Sunday, 4 September 2016

Capital market



































Capital market

From Wikipedia, the free encyclopedia
The trading floor of the New York Stock Exchange, one of the largest secondary capital markets in the world. As of 2013, most of the NYSE's trades are executed electronically, but its hybrid structure allows some trading to be done face to face on the floor.
Capital markets are financial markets for the buying and selling of long-term debt or equity-backed securities. These markets channel the wealth of savers to those who can put it to long-term productive use, such as companies/ governments making long-term investments.[a] Capital markets are defined as markets in which money is provided for periods longer than a year.[1] Financial regulators, such as the UK's Bank of England (BoE) or the U.S. Securities and Exchange Commission (SEC), oversee the capital markets in their jurisdictions to protect investors against fraud, among other duties.
Modern capital markets are almost invariably hosted on computer-based electronic trading systems; most can be accessed only by entities within the financial sector or the treasury departments of governments and corporations, but some can be accessed directly by the public.[b] There are many thousands of such systems, most serving only small parts of the overall capital markets. Entities hosting the systems include stock exchanges, investment banks, and government departments. Physically the systems are hosted all over the world, though they tend to be concentrated in financial centres like London, New York, and Hong Kong.
A key division within the capital markets is between the primary markets and secondary markets. In primary markets, new stock or bond issues are sold to investors, often via a mechanism known as underwriting. The main entities seeking to raise long-term funds on the primary capital markets are governments (which may be municipal, local or national) and business enterprises (companies). Governments issue only bonds, whereas companies often issue either equity or bonds. The main entities purchasing the bonds or stock include pension fundshedge fundssovereign wealth funds, and less commonly wealthy individuals and investment banks trading on their own behalf. In the secondary markets, existing securities are sold and bought among investors or traders, usually on an exchange,over-the-counter, or elsewhere. The existence of secondary markets increases the willingness of investors in primary markets, as they know they are likely to be able to swiftly cash out their investments if the need arises.[2]
A second important division falls between the stock markets (for equity securities, also known as shares, where investors acquire ownership of companies) and the bond markets(where investors become creditors).[2]

The money markets are used for the raising of short term finance, sometimes for loans that are expected to be paid back as early as overnight. Whereas the capital markets are used for the raising of long term finance, such as the purchase of shares, or for loans that are not expected to be fully paid back for at least a year.[1]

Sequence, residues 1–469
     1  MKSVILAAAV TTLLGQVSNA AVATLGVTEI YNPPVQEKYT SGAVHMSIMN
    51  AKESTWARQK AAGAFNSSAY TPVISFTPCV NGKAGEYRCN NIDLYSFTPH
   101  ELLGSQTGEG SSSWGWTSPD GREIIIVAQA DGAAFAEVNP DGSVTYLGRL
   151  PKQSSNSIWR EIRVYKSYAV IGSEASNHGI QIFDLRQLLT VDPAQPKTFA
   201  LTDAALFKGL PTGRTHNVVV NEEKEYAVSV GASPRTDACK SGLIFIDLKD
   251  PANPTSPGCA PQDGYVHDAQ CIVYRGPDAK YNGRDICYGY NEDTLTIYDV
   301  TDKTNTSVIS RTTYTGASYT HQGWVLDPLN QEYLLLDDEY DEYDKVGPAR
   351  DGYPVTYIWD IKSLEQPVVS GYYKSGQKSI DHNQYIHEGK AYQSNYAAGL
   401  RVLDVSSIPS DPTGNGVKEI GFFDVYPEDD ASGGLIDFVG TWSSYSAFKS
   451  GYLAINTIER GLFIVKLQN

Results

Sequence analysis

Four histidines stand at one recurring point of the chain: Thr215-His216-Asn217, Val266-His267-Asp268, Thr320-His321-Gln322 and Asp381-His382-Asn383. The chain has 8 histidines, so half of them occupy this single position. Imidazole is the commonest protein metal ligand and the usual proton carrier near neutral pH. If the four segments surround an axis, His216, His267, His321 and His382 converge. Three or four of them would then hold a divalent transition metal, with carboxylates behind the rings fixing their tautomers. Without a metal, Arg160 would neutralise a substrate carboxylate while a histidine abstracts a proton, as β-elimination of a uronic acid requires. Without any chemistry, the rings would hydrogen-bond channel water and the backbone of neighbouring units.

Funds borrowed from the money markets are typically used for general operating expenses, to cover brief periods of liquidity. For example, a company may have inbound payments from customers that have not yet cleared, but may wish to immediately pay out cash for its payroll. When a company borrows from the primary capital markets, often the purpose is to invest in additional physical capital goods, which will be used to help increase its income. It can take many months or years before the investment generates sufficient return to pay back its cost, and hence the finance is long term.[2]
Together, money markets and capital markets form the financial markets as the term is narrowly understood.[c] The capital market is concerned with long term finance. In the widest sense, it consists of a series of channels through which the savings of the community are made available for industrial and commercial enterprises and public authorities.
Regular bank lending is not usually classed as a capital market transaction, even when loans are extended for a period longer than a year. A key difference is that with a regular bank loan, the lending is not securitised (i.e., it doesn't take the form of resalable security like a share or bond that can be traded on the markets). A second difference is that lending from banks and similar institutions is more heavily regulated than capital market lending. A third difference is that bank depositors and shareholders tend to be more risk averse than capital market investors. The previous three differences all act to limit institutional lending as a source of finance. Two additional differences, this time favoring lending by banks, are that banks are more accessible for small and medium companies, and that they have the ability to create money as they lend. In the 20th century, most company finance apart from share issues was raised by bank loans. But since about 1980 there has been an ongoing trend for disintermediation, where large and credit worthy companies have found they effectively have to pay out less in interest if they borrow direct from capital markets rather than banks. The tendency for companies to borrow from capital markets instead of banks has been especially strong in the US. According to Lena Komileva writing for The Financial Times, Capital Markets overtook bank lending as the leading source of long term finance in 2009 – this reflects the additional risk aversion and regulation of banks following the 2008 financial crisis.[3]

aaaaaaaaaaaaaaaa